When you think “social media”, what sites come to mind?  Facebook?  Twitter?  While these social media sites are important when it comes to B2B selling, perhaps the cornerstone of all social media is LinkedIn.  LinkedIn is all about connecting businesses with other businesses (B2B) rather than connecting businesses to consumers (B2C).  What we’ll talk about here is exactly how you can use your LinkedIn account to help draw people to your manufacturing business and how your LinkedIn account can help bolster your sales.

How to Get Started

How well your LinkedIn account will perform depends on how well you set up your account, as we talk about in our free Ebook “Social Media Tune Up”.  Here are just a few things that we’ve put onto an easy to follow checklist to ensure that your LinkedIn account is set up and ready to sell:

Complete your Personal Profile

  1. Include a Profile Picture: This is particularly important, given how anonymous the internet can be.  Even if you are doing B2B selling, businesses still want to do business with people – not faceless companies.
  2. Include your Employment History: This is an important one, since your employment history will immediately reveal your expertise in your field.
  3. Include your Website: Whenever possible, advertise that website of yours.  Make sure you change the name to your actual company name.
  4. Include Recommendations:  This is particularly true for any small B2B manufacturing companies.  If you have a customer who wants to give you a glowing testimonial, then by all means ask if you can include it on your LinkedIn account.

Complete your Company Profile

  1. Upload your Logo: Your logo not only helps with brand recognition, but it helps a customer trust you, too.  It only takes two minutes, and it’s well worth your time.
  2. Add your Mission Statement: Throw your mission statement into your profile to let people know what you do and what the purpose of your manufacturing business is.
  3. Add any Employees: If you have employees who have LinkedIn accounts, by all means add them under your list of “employees”.

Join Groups

  1. Network with Others:  When you’re a small B2B manufacturing business, it’s important to network, network, network!  Joining groups on LinkedIn will help you build connections with people in the same or similar industries.  This may help you strike up some good business deals and relationships that can benefit both companies in the future.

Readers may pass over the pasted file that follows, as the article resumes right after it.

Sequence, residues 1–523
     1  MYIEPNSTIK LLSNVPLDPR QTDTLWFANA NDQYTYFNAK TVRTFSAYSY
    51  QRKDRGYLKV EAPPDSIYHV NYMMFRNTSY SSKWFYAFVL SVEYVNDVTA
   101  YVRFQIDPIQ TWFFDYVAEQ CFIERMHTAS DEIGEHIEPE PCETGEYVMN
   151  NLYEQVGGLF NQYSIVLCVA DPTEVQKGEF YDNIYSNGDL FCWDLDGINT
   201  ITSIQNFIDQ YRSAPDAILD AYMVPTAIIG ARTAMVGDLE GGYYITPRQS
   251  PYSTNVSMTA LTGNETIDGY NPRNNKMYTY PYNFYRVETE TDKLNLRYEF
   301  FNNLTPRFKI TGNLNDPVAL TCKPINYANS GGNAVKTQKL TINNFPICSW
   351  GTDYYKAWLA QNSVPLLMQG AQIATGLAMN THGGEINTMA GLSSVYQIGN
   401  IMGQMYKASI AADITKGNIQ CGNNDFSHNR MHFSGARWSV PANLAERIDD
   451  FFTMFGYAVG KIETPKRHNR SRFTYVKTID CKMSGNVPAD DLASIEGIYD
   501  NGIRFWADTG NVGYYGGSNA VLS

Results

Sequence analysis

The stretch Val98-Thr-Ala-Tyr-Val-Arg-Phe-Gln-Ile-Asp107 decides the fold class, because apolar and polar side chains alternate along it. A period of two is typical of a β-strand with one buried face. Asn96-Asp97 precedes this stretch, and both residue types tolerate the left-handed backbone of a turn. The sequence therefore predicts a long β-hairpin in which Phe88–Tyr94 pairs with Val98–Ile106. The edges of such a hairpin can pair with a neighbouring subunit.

2. Encourage Employees to Join:  Again, if you have employees on LinkedIn, by all means encourage them to join in the same groups to help foster relationships.

How to Sell on LinkedIn

Selling on LinkedIn is easier than you may think.  A lot of manufacturing clients that came to us in the past had yet to fully harness the power of selling on LinkedIn, but after we gave them some tips on the information below, they often doubled if not tripled their business.

Status Updates

Just as with Facebook, the status updates that you post on LinkedIn are powerful.  You can share important news articles and industry news that you feel is beneficial to anyone who is involved in your industry.  You can easily share this with your groups that you join too by clicking on the “share” button.  Your status updates will then post to all of the groups you’re a member of, and it can even sent that update out as an email to people who aren’t on LinkedIn.
Sharing your status updates accomplishes two major things:
  • Networking
  • Prospecting
Watch who comments.  Listen to what’s being said.  Check out the profiles of some of the other group members and see how they think and feel about various topics.

Develop a Rapport

If you’re checking out the profiles of people on LinkedIn and participating regularly in groups, then you’ll be able to find out a ton of information on them.  For example, you may find out that someone’s interests include F1 racing, dogs, and the Mets.  And what a coincidence – you also are a Mets fan and have a German shepherd you love at home.  Just having those common interests can help foster a good business relationship in the future.  A recent client of ours said that she made a great business connection on LinkedIn because they both loved oil painting and even having that one thing in common allowed her to trust this other business contact more than others online.

Key Takeaways:

If you’re a manufacturer who really wants to benefit from LinkedIn, then you have to do two things:

Need Help?

If you’re a manufacturer interested in maximizing your LinkedIn presence, contact us today to schedule your free marketing analysis.